Please. He’d spent so little time in England recently, he probably sounded more like a Yank than a Brit.
“Daylight’s burning, ande still have a lot to cover. We’ve gone through the senses and the mind control, but don’t forget our strength. Or our teeth. Master vampires are strong enough to break you in half and carry the pieces with a finger. We can throw your car at you if we want to, and we’ll rip you apart with our teeth. The question is, how many of our strengths do you have in you?”
Her head lowered and she hunched as if about to reveal damning secrets. “Darkness doesn’t affect me. I can see as well at night as in the day. I’m faster than any human I know,” she added, now giving him a glance through her lashes. “I can hear things from far away, maybe not as far as you can. But sometimes in my room at night, I could hear my grandparent’s downstairs whispering to each other about me-”
She paused at his raised brow. He schooled his expression to show nothing, but anger burned. Her whole bloody family had ostracized her when she couldn’t help how she’d been born?
“I don’t think I can control anyone’s mind,” she went on. “I mean, I’ve never tried it, but I think if I could, people would have treated me differently…anyway,” she continued in a brisker tone. “I know I’m stronger than the average person. When I was fourteen, I beat up three boys, and they were all bigger than me.” Bitterness crept into her tone. “That was when I couldn’t hide anymore from the fact that something was very wrong with me. You’ve seen my eyes.”
She said it as if they were the most hideous of deformities. He couldn’t disagree more. Her glowing green eyes were a miracle, as was she.
“I have to control them when I’m upset so other people don’t see them glow. My teeth are normal, I guess. They’ve never poked out funny, anyhow…”
Her voice trailed off and she kept glancing at him as if expecting him to rain insults upon her. She spoke of her dazzling uniqueness with more shame than he’d heard genocidal murderers speak of mass atrocities.
“Let me get this straight,” he said in a carefully controlled tone. “You said at fourteen you truly realized your uniqueness. You didn’t know what you were before then? What did your mum tell you about your father when you were growing up?”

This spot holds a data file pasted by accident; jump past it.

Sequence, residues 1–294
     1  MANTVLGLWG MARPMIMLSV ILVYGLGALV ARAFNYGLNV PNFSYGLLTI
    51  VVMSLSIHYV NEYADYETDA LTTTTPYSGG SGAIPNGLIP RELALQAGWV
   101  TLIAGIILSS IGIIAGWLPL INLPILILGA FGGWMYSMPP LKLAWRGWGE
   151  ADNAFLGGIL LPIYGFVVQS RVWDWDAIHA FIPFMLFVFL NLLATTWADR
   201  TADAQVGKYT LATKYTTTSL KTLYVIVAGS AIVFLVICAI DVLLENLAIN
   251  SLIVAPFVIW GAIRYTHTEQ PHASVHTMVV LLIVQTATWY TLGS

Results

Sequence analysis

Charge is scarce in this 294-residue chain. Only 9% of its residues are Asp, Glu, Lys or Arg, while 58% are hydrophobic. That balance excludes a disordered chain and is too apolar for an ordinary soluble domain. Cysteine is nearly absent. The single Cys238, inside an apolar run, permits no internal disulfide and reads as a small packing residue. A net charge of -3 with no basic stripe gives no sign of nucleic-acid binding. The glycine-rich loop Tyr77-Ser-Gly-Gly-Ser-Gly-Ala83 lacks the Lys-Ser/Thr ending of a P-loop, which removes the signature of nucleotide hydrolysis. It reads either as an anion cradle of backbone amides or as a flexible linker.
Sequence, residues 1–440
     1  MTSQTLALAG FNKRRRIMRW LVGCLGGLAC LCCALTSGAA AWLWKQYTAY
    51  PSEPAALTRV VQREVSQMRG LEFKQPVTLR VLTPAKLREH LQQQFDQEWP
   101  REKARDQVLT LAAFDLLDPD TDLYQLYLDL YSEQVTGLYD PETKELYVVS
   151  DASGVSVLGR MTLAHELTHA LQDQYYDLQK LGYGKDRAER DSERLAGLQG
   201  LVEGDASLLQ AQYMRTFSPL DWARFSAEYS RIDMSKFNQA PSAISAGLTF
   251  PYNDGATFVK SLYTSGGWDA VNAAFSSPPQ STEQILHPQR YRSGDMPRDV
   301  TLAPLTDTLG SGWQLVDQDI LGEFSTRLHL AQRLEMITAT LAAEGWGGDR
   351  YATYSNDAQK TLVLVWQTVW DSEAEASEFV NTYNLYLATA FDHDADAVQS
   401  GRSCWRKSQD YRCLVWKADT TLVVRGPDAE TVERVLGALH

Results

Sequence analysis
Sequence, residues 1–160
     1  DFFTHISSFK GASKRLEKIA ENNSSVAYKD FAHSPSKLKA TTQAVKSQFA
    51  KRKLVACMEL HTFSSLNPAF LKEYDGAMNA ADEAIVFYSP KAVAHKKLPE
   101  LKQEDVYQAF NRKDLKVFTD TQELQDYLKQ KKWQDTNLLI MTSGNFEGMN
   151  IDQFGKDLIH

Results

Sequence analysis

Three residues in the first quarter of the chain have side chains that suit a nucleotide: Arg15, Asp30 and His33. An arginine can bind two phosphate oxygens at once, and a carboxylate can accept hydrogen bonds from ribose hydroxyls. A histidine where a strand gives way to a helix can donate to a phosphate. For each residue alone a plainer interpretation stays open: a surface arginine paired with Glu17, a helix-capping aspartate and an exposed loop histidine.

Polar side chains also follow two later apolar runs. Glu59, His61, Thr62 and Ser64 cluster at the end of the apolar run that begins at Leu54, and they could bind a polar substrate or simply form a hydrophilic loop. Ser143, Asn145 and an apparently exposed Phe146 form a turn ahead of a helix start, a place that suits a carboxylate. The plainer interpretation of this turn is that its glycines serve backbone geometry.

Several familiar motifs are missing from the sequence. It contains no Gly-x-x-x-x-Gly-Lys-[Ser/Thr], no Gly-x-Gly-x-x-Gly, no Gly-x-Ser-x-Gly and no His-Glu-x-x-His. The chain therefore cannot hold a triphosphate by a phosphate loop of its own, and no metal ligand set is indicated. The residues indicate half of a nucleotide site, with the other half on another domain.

Pain filled her gaze. “She never mentioned my father. If I’d ask, as I did when I was little, she’d change the subject or get angry. But the other children let me know. They called me a bastard from the time they could speak.”
She closed her eyes. Briefly, Bones did too.
Oh, how well I know that pain, Kitten…
“Like I said, when I hit puberty I started to feel even more different,” she said, opening her eyes. “It got harder to hide my weirdness like my mom told me to. I liked the night most.” For a moment, her tone softened. “I’d wander for hours in the orchard. Sometimes, I wouldn’t even sleep until dawn…”
Of all the things she’d spoken of, this was the only memory that didn’t seem strafed with pain. He almost smiled at the image of a young Cat playing in the orchard all night. Then her tone hardened and tightness filled her features.
“But it wasn’t until those boys cornered me that I knew how bad it was.”
“What did they do?” he asked softly.
She closed her eyes again. “They were pushing me, calling me names, the usual stuff. That didn’t set me off; it happened almost every day.”
It was a damn good thing she couldn’t see his expression or she’d leap back in fear. All I need are names, he thought coldly. Never too late for bullies to pay for their crimes.
“But then one of them called my mother a slut, and I lost it. I threw a rock at him and busted his teeth out. The others jumped me, and I beat them.”
She opened her eyes. His expression was schooled back into blankness. If she saw his pride in her, she’d be suspicious.
“They never told anyone what happened.”
Bet they didn’t, the sniveling little shits.
“Finally, on my sixteenth birthday, my mother decided I was old enough to know the truth about my father. I didn’t want to believe her, but deep down, I knew it was true. That was the first night I saw my eyes glow. She held a mirror up to my face after stabbing me in the leg-”
She did what? His horror must’ve pierced his controlled mask because at once, she began to defend her mum.
“She wasn’t being mean. She needed me upset, so I could see my eyes. About six months later, I killed my first vampire.”
Her words excused her mum’s actions, but her eyes filled with tears that she tried to blink away. Those tears kept Bones from pointing out that even after she’d tried to kill him, he – a “cursed” vampire – hadn’t been cruel enough to stab her, and he’d thought she might be working for a murdering slaver, too.